<% if( /^image/.test(type) ){ %>
<% } %>
<%-name%>
Add image file
Upload
Had a friend in Texas years ago that used to entice the young ladies back to his place with promises of dips in his hot tub. It always worked...once. His hot tub was a galvanized stock tank under which he built a fire.
Always reminded me of boiling lobsters.
RB Jeff Cochran wrote:

Add pictures here
<% if( /^image/.test(type) ){ %>
<% } %>
<%-name%>
Add image file
Upload
Jim,

I think the two terms are generally used interchangeably.
However, in "my" opinion a "Hot Tub" is just a tub of hot water used for soaking. It was traditionally a large wooden tub made from wine vats and whatnot, but can be made of any material.
I consider a "spa" to be a hot tub that has the addition of blowing bubbles.
And, as another poster mentioned, "spa" is also used to describe the places you go to to get your hair done up, get a facial, have a massage, etc. Basically a day of pampering.
But, for all intents and purposes, "Spa" and "Hot Tub" describe the same thing.
Anthony Watson
www.mountain-software.com/hot_tub.htm
Add pictures here
<% if( /^image/.test(type) ){ %>
<% } %>
<%-name%>
Add image file
Upload
On Fri, 9 Jan 2004 21:38:55 -0600, "Jim & Lil" <jim.morris-at-sk.sympatico.ca> wrote:

They are more or less interchangable marketing terms at this point. The hot tub, was originally a west coast adaptation of a japanese bath. It was usually a large wine cask that had been cut in half, with some sort of filter/heating system added. These wine casks are huge, and when they are no longer good for wine, krazy kalifornians figured out how to reuse them. We had one on our ranch on the outskirts of Santa Cruz Californina in the late 60's and 70's. My brother was a glassblower, and we built a heat exchanger from his glass furnaces that had to run 24/7 anyway. I think we had about 6 people at a time in it. We used a small swimming pool filter to run it. We were very careful about keeping the water sanitized. Many hippy-dippy people in those days didn't, and many women suffered plumbing problems of their own as a result.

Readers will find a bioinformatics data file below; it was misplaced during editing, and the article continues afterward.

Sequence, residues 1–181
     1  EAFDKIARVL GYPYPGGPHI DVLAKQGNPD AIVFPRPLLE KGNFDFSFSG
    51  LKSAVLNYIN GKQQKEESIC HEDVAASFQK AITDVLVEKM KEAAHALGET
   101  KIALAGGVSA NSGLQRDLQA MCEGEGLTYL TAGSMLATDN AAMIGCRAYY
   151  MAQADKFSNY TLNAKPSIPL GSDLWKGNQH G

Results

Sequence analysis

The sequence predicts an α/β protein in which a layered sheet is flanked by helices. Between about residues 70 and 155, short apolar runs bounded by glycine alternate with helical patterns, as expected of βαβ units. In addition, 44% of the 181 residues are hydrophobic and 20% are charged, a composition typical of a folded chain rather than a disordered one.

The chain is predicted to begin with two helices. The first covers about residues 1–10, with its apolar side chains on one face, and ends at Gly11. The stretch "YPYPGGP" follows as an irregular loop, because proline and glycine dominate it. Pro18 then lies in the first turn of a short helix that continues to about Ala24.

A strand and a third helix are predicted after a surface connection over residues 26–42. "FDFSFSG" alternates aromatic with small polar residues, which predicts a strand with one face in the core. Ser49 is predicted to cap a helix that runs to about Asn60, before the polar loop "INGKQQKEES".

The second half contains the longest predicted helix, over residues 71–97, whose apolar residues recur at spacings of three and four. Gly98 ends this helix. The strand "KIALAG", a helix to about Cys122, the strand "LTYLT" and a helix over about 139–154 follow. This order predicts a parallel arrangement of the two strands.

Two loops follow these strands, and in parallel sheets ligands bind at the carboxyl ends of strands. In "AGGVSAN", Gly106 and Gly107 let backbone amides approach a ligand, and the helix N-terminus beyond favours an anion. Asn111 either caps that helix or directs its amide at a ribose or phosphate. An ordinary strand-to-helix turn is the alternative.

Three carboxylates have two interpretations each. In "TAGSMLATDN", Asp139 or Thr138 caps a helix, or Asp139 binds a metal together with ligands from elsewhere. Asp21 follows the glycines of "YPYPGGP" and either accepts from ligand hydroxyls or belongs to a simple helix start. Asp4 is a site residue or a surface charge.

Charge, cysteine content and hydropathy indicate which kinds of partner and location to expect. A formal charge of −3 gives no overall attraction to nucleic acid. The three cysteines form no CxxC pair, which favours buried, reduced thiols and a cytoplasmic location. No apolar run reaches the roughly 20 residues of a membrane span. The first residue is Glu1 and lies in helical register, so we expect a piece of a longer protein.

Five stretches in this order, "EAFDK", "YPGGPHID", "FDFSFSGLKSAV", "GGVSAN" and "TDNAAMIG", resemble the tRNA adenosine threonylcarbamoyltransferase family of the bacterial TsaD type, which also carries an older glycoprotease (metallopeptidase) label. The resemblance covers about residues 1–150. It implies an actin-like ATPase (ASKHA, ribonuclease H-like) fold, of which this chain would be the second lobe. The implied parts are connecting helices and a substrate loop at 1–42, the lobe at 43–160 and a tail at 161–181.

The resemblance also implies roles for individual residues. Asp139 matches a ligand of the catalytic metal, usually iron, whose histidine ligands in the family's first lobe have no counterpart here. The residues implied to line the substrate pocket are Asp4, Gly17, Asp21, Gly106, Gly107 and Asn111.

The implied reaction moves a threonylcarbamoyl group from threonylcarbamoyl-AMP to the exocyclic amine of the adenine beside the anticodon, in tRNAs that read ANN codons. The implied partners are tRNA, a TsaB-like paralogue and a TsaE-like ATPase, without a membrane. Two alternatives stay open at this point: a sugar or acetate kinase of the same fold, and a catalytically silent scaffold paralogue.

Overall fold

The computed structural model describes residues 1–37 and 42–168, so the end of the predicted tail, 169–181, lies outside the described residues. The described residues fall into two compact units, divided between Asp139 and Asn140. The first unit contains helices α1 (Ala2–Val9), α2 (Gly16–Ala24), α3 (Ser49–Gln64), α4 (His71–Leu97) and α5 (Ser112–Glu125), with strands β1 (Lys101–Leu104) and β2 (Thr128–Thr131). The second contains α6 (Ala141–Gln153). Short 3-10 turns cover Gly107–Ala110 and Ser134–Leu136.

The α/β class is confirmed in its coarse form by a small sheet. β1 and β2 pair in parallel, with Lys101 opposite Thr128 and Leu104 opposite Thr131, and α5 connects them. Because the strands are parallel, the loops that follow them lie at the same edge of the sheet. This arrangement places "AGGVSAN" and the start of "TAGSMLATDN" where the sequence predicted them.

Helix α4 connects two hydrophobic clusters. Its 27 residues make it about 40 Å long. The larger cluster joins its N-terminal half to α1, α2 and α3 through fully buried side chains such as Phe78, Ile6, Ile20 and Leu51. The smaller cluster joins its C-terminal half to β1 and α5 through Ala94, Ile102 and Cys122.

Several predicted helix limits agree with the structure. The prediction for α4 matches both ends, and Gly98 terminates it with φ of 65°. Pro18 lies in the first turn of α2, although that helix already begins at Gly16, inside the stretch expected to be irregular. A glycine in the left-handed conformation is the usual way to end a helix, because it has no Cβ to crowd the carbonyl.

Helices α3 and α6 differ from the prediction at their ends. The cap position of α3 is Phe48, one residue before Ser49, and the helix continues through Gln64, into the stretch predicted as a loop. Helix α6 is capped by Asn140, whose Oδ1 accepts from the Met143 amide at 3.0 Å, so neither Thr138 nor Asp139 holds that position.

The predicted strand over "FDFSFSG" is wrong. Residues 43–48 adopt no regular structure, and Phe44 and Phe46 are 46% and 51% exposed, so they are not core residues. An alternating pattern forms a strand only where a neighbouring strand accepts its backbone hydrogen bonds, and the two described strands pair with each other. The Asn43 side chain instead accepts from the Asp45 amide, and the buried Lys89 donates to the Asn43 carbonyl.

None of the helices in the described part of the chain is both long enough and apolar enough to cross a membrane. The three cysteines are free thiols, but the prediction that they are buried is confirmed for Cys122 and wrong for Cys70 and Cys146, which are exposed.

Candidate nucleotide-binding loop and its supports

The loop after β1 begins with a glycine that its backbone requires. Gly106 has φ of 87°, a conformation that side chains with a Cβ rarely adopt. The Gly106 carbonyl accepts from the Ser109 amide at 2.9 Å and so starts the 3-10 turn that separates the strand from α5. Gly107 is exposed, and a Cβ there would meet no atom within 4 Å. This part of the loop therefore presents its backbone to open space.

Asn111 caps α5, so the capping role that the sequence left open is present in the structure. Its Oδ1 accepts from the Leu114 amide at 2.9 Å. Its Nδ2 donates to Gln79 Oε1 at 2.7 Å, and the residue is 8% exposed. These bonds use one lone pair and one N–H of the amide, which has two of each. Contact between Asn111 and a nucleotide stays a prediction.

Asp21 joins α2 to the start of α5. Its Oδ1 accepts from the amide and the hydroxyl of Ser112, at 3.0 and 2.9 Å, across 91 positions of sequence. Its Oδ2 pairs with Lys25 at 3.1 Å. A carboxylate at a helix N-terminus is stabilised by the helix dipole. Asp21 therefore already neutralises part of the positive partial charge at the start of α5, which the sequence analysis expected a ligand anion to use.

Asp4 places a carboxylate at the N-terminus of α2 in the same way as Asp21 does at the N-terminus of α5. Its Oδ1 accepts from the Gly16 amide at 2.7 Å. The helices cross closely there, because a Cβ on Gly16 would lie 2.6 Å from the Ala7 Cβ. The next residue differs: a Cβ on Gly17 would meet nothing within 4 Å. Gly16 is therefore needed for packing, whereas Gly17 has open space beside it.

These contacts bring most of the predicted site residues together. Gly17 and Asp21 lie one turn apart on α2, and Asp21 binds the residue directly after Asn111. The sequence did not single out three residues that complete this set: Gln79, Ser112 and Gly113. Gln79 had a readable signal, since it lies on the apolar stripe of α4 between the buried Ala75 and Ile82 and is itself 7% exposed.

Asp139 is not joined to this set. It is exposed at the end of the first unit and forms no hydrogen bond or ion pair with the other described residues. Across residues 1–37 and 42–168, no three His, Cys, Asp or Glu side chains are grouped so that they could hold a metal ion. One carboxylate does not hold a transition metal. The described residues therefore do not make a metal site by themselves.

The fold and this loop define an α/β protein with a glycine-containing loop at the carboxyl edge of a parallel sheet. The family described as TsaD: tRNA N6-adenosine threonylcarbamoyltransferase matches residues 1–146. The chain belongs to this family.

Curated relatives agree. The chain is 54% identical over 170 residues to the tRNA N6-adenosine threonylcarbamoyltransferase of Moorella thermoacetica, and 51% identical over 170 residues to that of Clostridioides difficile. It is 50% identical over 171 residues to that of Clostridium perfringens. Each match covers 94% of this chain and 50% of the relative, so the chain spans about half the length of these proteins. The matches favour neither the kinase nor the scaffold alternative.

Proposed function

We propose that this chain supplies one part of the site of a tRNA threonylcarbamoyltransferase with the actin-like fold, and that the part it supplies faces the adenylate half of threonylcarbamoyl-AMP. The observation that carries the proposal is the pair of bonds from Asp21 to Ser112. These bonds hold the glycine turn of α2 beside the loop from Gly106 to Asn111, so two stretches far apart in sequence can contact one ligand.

Today, I have a modern hot tub ( I never call it a spa) made from acrylic, and with very sophisticated plumbing, heater, water jets, air blowers, and computer controls. I have joint problems, and it really makes a huge diffence for me. My wife just plain likes to unwind by soaking in it. I compare it to pushing a "reset" button after a hard day.
The basic qualifying difference between a hot tub/spa, and a bathtub is the fact that you recirculate the water, and don't fill and drain it every time you use it. An indoor jetted bathtub is an indoor jetted bathtub. Personally, I regard the use of "spa" for a tub to be silly fluff in any context.
BB
Add pictures here
<% if( /^image/.test(type) ){ %>
<% } %>
<%-name%>
Add image file
Upload
Which ever one you decide to get make sure you can get at least 3 adults in at the same time.Have fun!
Tom. "Jim & Lil" <jim.morris-at-sk.sympatico.ca> wrote in message

My
Add pictures here
<% if( /^image/.test(type) ){ %>
<% } %>
<%-name%>
Add image file
Upload
A spa is more for leisure or getting steamed up then jump in the pool to cool off. You should not go into one dirty. You will need chlorine or some type of a water treatment.
The hot tub is to get the dirt off your body fill with bubbles and let the water out when finished.
"Jim & Lil" <jim.morris-at-sk.sympatico.ca> wrote in message

spa.
My
acrylic
Add pictures here
<% if( /^image/.test(type) ){ %>
<% } %>
<%-name%>
Add image file
Upload

Site Timeline

Related Threads

    HomeOwnersHub.com is a website for homeowners and building and maintenance pros. It is not affiliated with any of the manufacturers or service providers discussed here. All logos and trade names are the property of their respective owners.